1 pointing to page 2?

Seriously, hypothetical — and yet there’s a correct answer? According to
what, the PageRank
formula of 1998
? I guessed that the link value might remain the same.

And Enough! Focus On The Wrong Answers

At this point, I ran out of energy. Some questions were clear cut (PageRank
was named after Larry Page), while other questions had me sighing because there
simply was no correct answer, in my opinion — only opinion (such as the choices
for "Spammy sites or blogs begin linking to your site. What effect is this
likely to have on your search engine rankings?").

There was actually a lot of sighing as I continued on the quiz. Eventually, I
made it: 184/257 points, 72 percent. I suck at SEO. Or do I? Let’s look at some
of my wrong answers:

For #3, I was told "Linking out to other pages with your page’s targeted
keywords in the anchor text can cause keyword cannibalization and reduce your
page’s chances to rank well at the search engines. It also creates additional
competition for your page in the search results, as you give relevance through
anchor text and link juice to a competing page."

Well, I could maybe agree a bit with the second part of that, but the first?
Sorry, doesn’t win me over.

For #17, I was told "Page 2 receives an amount of link value greater than X,
but less than 2X. In testing from multiple parties (SEOmoz and a few of
our friends), we’ve found that Page 2 will receive more value from two links on
page 1 than from only a single link, but nowhere close to "double" the link
value. This appears to be consistent across all of the engines."

Um, OK. You asked a hypothetical question that apparently really did have an
answer. I guess it should have been phrased like, "We’ve done some testing in in
these cases, which do you think we found?" And I haven’t tested this particular
situation, but if I did and come up different than SEOmoz, would I still be

For #20, I picked Yahoo as patenting "TrustRank" rather than Google. Dang it
— I knew it was Google! But it was late, and I questioned myself.

For #22, the idea here was what solution was needed to avoid duplicate
content issues when you’re in a blogging environment, where a story moves down
and then off the page. I said there aren’t issues. Instead, I’m supposed to add
"noindex" to the paginated pages. At this point, I’m like — "what the hell are
you talking about." I mean, what’s a "paginated" page? At Search Engine Land,
each story has precisely one URL. It gets listed one the home page, then moves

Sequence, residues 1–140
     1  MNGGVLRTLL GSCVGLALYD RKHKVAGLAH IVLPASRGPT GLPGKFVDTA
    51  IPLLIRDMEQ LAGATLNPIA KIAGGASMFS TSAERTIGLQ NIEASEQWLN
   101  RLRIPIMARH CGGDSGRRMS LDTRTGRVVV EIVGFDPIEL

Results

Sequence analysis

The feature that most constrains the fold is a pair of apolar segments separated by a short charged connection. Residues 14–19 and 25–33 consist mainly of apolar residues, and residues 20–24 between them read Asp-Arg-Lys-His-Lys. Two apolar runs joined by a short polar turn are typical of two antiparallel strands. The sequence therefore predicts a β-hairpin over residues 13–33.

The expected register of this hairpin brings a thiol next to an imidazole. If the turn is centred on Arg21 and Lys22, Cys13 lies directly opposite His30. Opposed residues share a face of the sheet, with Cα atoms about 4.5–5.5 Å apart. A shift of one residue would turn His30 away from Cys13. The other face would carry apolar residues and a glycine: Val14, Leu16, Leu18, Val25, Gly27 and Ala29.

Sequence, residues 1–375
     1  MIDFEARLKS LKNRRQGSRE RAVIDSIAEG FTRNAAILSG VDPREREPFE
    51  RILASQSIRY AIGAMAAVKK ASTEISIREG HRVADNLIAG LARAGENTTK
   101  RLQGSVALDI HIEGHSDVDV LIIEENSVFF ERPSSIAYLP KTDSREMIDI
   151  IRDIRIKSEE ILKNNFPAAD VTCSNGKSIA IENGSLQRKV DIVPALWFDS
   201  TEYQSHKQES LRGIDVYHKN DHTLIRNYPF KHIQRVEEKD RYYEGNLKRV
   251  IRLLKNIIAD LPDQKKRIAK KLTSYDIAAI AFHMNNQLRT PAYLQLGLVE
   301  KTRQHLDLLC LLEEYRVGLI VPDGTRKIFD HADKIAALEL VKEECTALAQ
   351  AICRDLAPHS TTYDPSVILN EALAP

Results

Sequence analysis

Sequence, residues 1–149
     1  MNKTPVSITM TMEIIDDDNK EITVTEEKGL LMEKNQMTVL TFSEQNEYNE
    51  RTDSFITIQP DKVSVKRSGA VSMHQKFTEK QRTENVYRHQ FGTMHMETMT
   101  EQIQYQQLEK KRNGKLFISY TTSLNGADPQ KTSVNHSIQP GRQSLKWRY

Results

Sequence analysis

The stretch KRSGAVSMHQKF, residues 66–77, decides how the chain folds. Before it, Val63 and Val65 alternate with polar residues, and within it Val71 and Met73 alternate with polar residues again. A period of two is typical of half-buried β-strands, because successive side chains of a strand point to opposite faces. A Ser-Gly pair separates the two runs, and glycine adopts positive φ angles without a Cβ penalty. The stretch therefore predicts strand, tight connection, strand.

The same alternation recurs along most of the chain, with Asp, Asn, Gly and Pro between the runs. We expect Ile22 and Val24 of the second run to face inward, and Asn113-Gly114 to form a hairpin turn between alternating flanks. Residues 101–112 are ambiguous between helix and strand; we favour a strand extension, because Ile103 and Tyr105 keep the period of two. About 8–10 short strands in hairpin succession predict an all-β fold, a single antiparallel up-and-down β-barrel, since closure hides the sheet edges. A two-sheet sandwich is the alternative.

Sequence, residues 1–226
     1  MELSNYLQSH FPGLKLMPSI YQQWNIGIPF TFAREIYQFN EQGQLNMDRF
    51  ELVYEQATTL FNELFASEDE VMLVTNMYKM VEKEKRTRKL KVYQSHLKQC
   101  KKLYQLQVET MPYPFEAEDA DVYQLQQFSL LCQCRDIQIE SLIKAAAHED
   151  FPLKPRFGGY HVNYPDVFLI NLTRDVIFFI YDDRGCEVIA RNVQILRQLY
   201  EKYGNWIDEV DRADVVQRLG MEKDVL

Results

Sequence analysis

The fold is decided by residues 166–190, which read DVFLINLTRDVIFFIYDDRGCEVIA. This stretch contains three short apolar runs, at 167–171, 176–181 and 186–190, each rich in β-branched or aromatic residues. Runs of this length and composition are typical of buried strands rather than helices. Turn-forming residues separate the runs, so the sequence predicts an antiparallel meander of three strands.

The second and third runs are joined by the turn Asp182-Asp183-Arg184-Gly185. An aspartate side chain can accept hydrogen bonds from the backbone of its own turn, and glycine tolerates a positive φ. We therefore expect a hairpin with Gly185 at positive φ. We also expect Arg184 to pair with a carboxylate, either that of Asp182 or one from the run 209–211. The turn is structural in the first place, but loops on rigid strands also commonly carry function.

down and off. It’s not going to get duplicated in its entirety by any other
pages. So looking at that environment, damn right — I didn’t see any issue.

For #24, I said if you were worried about "keyword cannibalization" (which I
had to look up — it means competing with yourself for the same term, and it’s
not phrase I’ve typically heard in the industry in my years (and at

1,300 matching pages, I don’t think I’m alone in this), you should
prevent your less important pages from being indexed. Here, I was trying to
think like someone who is being really ruthless about SEO, kill of the weak. The
"correct" answer is apparently to link from those "weak" pages back to the
stronger ones. I suppose….

For #25, the "de-facto version of a page located on the primary URL you want
associated with the content is known as the ‘canonical version’," says the quiz.
Bull, sez I. See, canonicalization is special to me because of my inability to
pronounce the dang word, for one. I’m much better at it now. But I hated it
because I had to talk about it and how it means that the search engines will
pick what domain version to use for your site (like you have
www.mysite.com and mysite.com, they’ll go
with one of those). But see, that’s the search engine making the choice — not
you. The choice you want is not the canonical version. I don’t know what it’s
called across the board, but Google

calls it
the "preferred domain." And that’s why I answered "preferential
version" as the closest of the bad choices I had. And got it wrong.

I got more wrong, some of which I could argue successfully against, and a few
where I’m like "Oops! You got me."

Overall, I appreciate the intent of the quiz, which was to further educate
folks. And I’ve generally found these types of quizzes fun. But I guess I’m all
quizzed out now.